OCEAN CITY – Resort officials this week sent a proposed code amendment that could create more opportunities for seasonal workforce housing projects back to the Ocean City Planning Commission for further review.
Over the last few months, the planning commission has been working on a series of proposed code amendments that could facilitate pending development projects. The framework for one of those proposed code amendments that could alter the sections of the code dealing with employee housing facilities came before the Mayor and Council during Tuesday’s work session.
Planning and Community Development Director Bill Neville laid out the key elements of the proposed code amendment, which would make approval for new employee housing projects tied to a conditional use.
“What you have here is a code amendment for employee housing as an accessory use,” he said. “Employee housing by definition can only be an accessory. It needs to be on-site or in the building. What’s important to point out is we’ve seen several solutions proposed, so the intent here is to amend the code to increase opportunities for employee housing as a conditional use.”
Neville explained the planning commission was forwarding a recommendation to amend the code to reflect employee housing-accessory use as a conditional use.
He said it could be addressed as a permitted use at the site plan approval level, or a special use heard and approved by the Board of Zoning Appeals (BZA), but the recommendation was for the conditional use because of the additional oversight for projects it provides.
“Of these three choices, the conditional use is the most reasonable,” he said. “It provides for a public hearing, so neighbors in an area where an employee housing project is proposed have an opportunity to weigh in with concerns. It also provides a mechanism for the Mayor and Council to review and approve projects.”
Neville said the planning commission’s recommendation included a variety of amendments to the code’s sections on housing. For example, it addresses occupancy, bulk and density issues. It also provides a definition for the amount of acceptable living space, or common areas, per occupancy. For example, the proposed changes call for a minimum of 250 square feet of livability space per every six occupants.
“It really provides more opportunities for employee housing in Ocean City,” he said. “This is just a first step. It would open the possibility for more employee housing.”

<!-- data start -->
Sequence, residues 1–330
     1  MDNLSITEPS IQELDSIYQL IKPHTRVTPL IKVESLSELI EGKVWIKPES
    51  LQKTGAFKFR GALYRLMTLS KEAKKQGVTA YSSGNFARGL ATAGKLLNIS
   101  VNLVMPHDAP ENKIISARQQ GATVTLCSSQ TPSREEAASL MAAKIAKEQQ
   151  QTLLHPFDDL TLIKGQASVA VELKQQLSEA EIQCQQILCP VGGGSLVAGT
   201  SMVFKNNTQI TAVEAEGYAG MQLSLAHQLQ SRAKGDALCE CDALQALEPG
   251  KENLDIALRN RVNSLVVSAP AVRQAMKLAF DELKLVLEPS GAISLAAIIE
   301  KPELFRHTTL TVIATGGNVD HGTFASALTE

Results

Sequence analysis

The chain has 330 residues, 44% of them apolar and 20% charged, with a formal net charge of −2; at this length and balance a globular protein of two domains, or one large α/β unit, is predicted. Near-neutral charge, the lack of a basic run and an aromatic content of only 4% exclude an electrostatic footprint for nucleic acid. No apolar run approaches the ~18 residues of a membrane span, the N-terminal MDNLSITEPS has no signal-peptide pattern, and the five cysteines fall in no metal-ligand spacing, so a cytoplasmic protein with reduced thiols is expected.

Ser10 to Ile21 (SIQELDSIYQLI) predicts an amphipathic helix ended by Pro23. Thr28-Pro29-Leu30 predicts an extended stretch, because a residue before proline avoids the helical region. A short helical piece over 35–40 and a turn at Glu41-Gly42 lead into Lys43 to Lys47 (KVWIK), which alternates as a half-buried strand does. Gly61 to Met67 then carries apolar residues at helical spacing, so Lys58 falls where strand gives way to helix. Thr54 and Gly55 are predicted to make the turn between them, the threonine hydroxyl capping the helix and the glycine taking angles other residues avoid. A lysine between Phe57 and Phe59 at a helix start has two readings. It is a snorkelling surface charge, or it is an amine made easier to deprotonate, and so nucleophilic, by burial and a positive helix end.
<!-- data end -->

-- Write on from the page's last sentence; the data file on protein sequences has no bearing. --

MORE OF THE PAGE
Councilman Peter Buas questioned if going the conditional use route was the right approach. He said projects might have difficulty getting funding if the lender was concerned about a change in the use of a given property in the future.
“A conditional use by its very nature can be revoked,” he said. “We’re talking about building structures. I’m not sure a lender would be interested in providing financing for a project if there is a chance the conditional use could be revoked in the future.”
Mayor Rick Meehan said he believed the conditional use was the right approach, however.
“I think the conditional use is the way to go,” he said. “Essentially, it would be a permanent conditional use. The only way it could be revoked is if there was a violation or a problem. It would have to come before the Mayor and Council.”
Meehan said he supported the concept, but still had some questions with the code amendment as proposed.
“Things change over time,” he said. “We might be challenged with this in the future, but we have an immediate problem and we’re trying to find a solution. When we make a change down the road, that’s a concern I have. I support trying to do this, but I just want to get it right.”
Buas said with so many questions left unanswered, it could be appropriate to send the proposed code amendment back to the planning commission for further review.
“We can give them some direction, but I’m not sure we’re ready to vote on this,” he said. “They haven’t had much direction on this issue for years.”
Meehan agreed the code amendment as proposed could use a little more polish, but said there is some urgency to get something on the books to address the employee housing shortage.
“We all agree it’s an immediate problem,” he said. “We have to look at today, tomorrow and down the road. In the future, we might find we have an abundance of employee housing. It all needs to be on the table.”
Council Secretary Tony DeLuca first made a motion to have staff draft an ordinance affecting the code amendment to prepare for a first reading.
However, after considerable debate, DeLuca changed his motion to remand the proposed code amendment back to the planning commission for further review and a recommendation.
That motion was approved unanimously by the council.